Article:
Nokia is likely to fire several top executives in an urgent attempt to reverse its collapsing market share in the face of Android and the iPhone, a German newspaper said on Saturday. Wirtschaftswoche claimed from multiple sources that the company's February 11 meeting would be used to announce a reorganization and the exit of key officials, including its mobile head Mary McDowell, Chief Development Officer Kai Öistämö, as well as its services lead Tero Ojanperä. Nearly half of Nokia's board, those loyal to ousted CEO Olli-Pekka Kallasvuo and departing board chairman Jorma Ollila, may also be pushed to leave.
Recently installed CEO Stephen Elop has reportedly tapped headhunters specifically looking for workers with advanced software expertise. None of the maneuvers have been confirmed by Nokia and aren't expected to receive details until the upcoming meeting.
The moves would likely be part of an attempt to break up what's believed to be an inherently slow-moving culture at the company that refused to focus on software and assumed that Android and the iPhone weren't threats. Elop himself is commonly thought to have been chosen after Kallasvuo was deemed ineffective, but his arrival has already seen the company's smartphone leader plan his leave, in part over his inability to get the chief spot. The company is known to be unhappy with the progress of Symbian and took back control shortly after Elop arrived.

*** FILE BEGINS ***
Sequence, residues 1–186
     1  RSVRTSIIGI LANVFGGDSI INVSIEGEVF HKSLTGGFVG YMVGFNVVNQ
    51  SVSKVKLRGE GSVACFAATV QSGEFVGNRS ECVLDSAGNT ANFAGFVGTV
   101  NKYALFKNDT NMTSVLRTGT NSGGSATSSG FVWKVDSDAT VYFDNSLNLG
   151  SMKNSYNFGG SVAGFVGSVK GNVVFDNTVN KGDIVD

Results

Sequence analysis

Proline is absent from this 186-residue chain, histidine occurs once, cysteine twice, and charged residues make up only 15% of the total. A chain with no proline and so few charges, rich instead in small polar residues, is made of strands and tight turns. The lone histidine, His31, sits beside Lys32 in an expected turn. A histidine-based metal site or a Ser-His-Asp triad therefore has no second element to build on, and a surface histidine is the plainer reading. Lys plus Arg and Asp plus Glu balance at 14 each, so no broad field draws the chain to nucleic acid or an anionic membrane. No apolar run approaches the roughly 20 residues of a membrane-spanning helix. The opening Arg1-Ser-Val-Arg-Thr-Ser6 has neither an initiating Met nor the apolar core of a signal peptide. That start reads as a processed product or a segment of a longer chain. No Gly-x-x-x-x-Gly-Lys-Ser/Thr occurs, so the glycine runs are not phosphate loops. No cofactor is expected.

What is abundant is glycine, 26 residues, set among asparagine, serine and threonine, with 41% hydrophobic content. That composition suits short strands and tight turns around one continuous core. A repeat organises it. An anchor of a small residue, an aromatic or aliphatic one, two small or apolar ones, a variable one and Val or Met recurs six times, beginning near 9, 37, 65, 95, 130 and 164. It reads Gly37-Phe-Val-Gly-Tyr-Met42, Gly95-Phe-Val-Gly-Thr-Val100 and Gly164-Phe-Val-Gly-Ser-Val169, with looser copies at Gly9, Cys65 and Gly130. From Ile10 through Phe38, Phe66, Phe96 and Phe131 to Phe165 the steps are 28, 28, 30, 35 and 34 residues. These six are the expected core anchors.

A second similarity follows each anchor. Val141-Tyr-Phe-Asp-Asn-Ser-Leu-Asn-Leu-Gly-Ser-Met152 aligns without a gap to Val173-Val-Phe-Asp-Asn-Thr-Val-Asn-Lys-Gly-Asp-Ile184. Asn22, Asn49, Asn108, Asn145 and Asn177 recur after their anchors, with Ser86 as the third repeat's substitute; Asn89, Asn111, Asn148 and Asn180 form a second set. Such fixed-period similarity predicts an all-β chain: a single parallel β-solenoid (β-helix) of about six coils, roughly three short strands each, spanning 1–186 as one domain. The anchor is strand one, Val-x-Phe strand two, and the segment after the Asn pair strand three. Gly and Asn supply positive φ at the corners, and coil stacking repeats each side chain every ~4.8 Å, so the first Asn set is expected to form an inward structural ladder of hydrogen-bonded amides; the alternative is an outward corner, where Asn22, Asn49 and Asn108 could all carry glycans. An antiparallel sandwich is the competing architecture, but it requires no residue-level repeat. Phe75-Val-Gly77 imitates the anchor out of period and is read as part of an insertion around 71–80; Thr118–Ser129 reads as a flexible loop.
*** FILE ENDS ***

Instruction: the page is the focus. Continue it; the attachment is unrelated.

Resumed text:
Calls have been made by analysts, including Berenberg Bank's Adnaan Ahmad, for Nokia to adopt an alternative and more modern operating system such as Android or Windows Phone 7. The Finnish company has been working with Intel on the new MeeGo platform, but no phone hardware has shipped so far. Ahmad suggested that Nokia should use Windows Phone 7 in part to stand out versus Android but also for Elop to take advantage of his connections as a former Microsoft executive. Windows Phone 7 is considered less likely beyond Ahmad as Microsoft's strict control of hardware features and software customization would lead Nokia to blend in with rivals like HTC, LG and Samsung.
Elop has given vague hints that such an OS switch might be part of the restructuring. During Nokia's fiscal results call, he suggested that the company had to "build, catalyze, and/or join a competitive ecosystem" and thus wouldn't be locked to the company's previous strategy of insisting on creating all software itself.